After working in the Israel Aerospace Industries, Shoham served as an assistant professor at Columbia University in New York and established the robotic laboratory at the department of mechanical engineering, a visiting professor at Stanford University in California. He is also a Fellow of the Institute of Electrical and Electronics Engineers (IEEE) Fellow of the American Society of Mechanical Engineers (ASME) and a International Member of the US National Academy of Engineering,

Among his numerous awards, are honorary membership – Israel Society for Medical and Biological Engineering, 2020; the Maurice E. Müller Award for Excellence in Computer Assisted Surgery, 2019; Innovation Award – Surgical Robot Challenge, Imperial College, London, 2016; Fellow –Institute of Electrical and Electronics Engineers (IEEE), 2015; International Member – US National Academy of Engineering, 2014; Thomas A. Edison Patent Award – American Society of Mechanical Engineers, 2013; Hershel Rich Innovation Award, 2011; Technology Award – the Society for Medical Innovation and Technology (SMIT), 2008; Fellow – The American Society of Mechanical Engineers (ASME), 2008; Outstanding Israeli project – ROBOCAST: ROBOt and sensors integration for Computer Assisted Surgery and Therapy, European Union 7th Framework Program for Research and Technological Development. Awarded by the European Commission to the State of Israel, 2007; Kaplan Prize for Creative Management of High Technology, 2002; and the Juludan Award for Outstanding Scientific Research Achievements, 1999. Shoham is particularly proud of the recent 2021 Yigal Allon Prize for Pioneering Excellence – given annually to individuals, entities or organizations whose activity serves as a model of pioneering excellence and a significant contribution to Israeli society – that he received recently.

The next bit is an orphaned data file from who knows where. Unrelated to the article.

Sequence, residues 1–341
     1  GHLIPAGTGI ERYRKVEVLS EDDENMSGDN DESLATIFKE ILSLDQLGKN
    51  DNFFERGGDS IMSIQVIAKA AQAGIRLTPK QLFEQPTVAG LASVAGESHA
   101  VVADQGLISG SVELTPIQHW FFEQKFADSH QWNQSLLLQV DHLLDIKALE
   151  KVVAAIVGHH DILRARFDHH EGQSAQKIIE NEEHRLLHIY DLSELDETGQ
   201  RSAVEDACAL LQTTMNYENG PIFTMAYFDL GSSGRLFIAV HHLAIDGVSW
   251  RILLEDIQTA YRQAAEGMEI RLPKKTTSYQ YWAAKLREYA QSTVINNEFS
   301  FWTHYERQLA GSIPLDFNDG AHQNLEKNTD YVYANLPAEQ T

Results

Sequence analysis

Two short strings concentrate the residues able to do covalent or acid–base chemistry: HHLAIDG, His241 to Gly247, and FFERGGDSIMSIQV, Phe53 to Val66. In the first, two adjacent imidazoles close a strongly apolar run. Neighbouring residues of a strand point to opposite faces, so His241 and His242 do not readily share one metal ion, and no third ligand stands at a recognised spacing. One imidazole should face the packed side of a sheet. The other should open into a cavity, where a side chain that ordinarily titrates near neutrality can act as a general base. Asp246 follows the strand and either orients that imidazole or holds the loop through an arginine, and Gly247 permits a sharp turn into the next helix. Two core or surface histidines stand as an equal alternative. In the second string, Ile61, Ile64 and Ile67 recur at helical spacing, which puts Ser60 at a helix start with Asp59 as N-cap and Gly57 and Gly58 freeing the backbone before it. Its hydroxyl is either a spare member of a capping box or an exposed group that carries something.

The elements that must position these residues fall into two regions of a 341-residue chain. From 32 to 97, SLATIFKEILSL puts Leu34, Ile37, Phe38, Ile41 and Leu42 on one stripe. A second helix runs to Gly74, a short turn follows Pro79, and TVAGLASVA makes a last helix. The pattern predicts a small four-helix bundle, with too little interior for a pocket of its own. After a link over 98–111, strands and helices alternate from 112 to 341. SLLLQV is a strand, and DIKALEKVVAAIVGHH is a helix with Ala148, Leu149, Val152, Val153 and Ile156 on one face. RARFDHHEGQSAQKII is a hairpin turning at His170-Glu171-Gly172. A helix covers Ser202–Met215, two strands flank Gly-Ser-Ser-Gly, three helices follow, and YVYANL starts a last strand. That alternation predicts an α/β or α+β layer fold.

The 2021 prize was awarded jointly to Shoham and Start-Up Nation Central for their work in promoting Israeli innovation in industry. “The entire state of Israel walks in your path,” Israel’s President Isaac Herzog said in congratulatory remarks.

Among the most memorable and thought-provoking award for Shoham was in 1999, when he received a research award for the development of a robot that performs knee replacement surgery with great precision.

“Next to me, Prof. Gershon Golomb from the Hebrew University of Jerusalem’s Faculty of Medicine also received the award. The winners’ families were invited to the award ceremony. At the entrance to the hall, I saw and was shocked that instead of coming to me, my mother fell into the arms of the mother of Prof. Golomb whom I did not know and burst into tears. When they stopped crying, my mother told me that Golomb’s mother shared with her a wooden bunk in the Auschwitz concentration camp during the Holocaust. They encouraged and strengthened each other during all that terrible time.”

This moving event “made me wonder: how many more people could have received the prize but did not because they were murdered in the Holocaust.” Among them were potential writers, poets, musicians, scientists, rabbis, actors, geniuses, shoemakers, carpenters, tanners. “How many worlds will no longer be created, and why?!”

Indeed, if the mothers of Prof. Shoham and Prof. Golomb had (God forbid) perished in the gas chambers of Auschwitz, their sons would never had been born and their great healing and lifesaving accomplishments would have been lost to the world.